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*Corresponding Author:
Dr Karel Rakusan
Department of Cellular and Molecular Medicine, University of Ottawa, 451 Smyth Road, Ottawa, Ontario K1H 8M5.
E-mail: [email protected]

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In this editorial, I do not mean to defend the titles belonging to the gentry or to various academic investigators. What I have in mind are the titles of an article or a book chapter.

The title is the most important part of any publication. Although they consist of short strings of words, or even of one word only, they may determine the whole fate of an article. Their choice reveals a degree of intellectual skill of the author and should be assigned with the greatest care. They must be brief. However, they should succinctly convey the message of the text that follows. In this respect I am reminded of a famous quote from Rousseau:

Excuse my long letter because I did not have enough time to compose a short one.

The title is the shortest version of your communication. Nevertheless, it should succinctly convey the message of the text that follows. We should keep in mind that the majority of your readers will read the title only.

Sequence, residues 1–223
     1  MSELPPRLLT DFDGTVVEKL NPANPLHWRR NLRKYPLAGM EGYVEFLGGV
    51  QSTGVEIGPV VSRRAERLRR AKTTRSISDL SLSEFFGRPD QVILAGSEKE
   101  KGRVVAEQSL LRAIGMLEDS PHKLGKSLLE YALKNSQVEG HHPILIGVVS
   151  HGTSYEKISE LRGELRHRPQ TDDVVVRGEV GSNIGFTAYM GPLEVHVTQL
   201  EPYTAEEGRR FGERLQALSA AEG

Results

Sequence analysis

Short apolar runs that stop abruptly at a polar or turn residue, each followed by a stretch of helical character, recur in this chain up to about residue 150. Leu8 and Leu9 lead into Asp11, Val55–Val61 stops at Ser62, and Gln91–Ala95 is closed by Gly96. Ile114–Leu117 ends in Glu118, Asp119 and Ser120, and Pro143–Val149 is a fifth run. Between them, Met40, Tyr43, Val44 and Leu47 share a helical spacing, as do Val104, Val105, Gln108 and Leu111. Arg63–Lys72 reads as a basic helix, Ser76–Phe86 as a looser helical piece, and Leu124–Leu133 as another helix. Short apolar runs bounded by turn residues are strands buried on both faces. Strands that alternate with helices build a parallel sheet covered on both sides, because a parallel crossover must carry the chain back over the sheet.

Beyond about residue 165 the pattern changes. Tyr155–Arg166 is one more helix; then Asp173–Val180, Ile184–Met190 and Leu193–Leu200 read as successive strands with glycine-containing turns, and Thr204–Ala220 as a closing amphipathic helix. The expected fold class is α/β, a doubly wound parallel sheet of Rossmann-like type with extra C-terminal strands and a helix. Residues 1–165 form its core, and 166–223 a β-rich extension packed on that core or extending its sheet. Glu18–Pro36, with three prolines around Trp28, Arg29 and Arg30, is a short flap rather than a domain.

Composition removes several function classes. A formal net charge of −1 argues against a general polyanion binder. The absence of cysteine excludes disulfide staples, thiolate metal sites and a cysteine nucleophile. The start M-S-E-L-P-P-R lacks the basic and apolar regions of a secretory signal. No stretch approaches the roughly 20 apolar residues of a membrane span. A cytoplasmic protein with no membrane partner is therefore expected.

Titles should contain only the essential message of the article. The following article, published recently in The Lancet, does not meet this criterion: “Trends in adult body-mass index in 200 countries from 1975 to 2014: a pooled analysis of 1968 population-based measurement studies with 19.2 million participants” [1]. This title contains a list of numbers that are not extremely important. Is 200 countries very much different from 201? None of these five figures would help in information retrieval. It is, in my opinion, a reflection of a very large number of participants listed as coauthors.

Looking at my own list of publications, I am apprehensive about the following title: “Lognormal distribution of intercapillary distance in normal and hypertrophic rat heart as estimated by the method of concentric circles: Its effect on tissue oxygenation” [2]. The title is too long and and leaves the reader with no clues regarding the key words. Besides, the method of concentric circles is now obsolete, being replaced by computer-generated tessellation. On the other hand, thirty years later, I still find the following title acceptable: “Protamine inhibits capillary formation in growing rat hearts” [3].

In conclusion, I propose the following two recommendations. First, try to eliminate all redundant expressions. Learn from the people in the advertising business, they carefully weigh every word because a client has to pay for it. For example, a 30-second commercial in the 2016 Super Bowl costed a cool $5 million. That’s an average of $167,000 per second! Second, in contrast to the previous advice, try to include potential key words that your colleagues could use in an information retrieval search.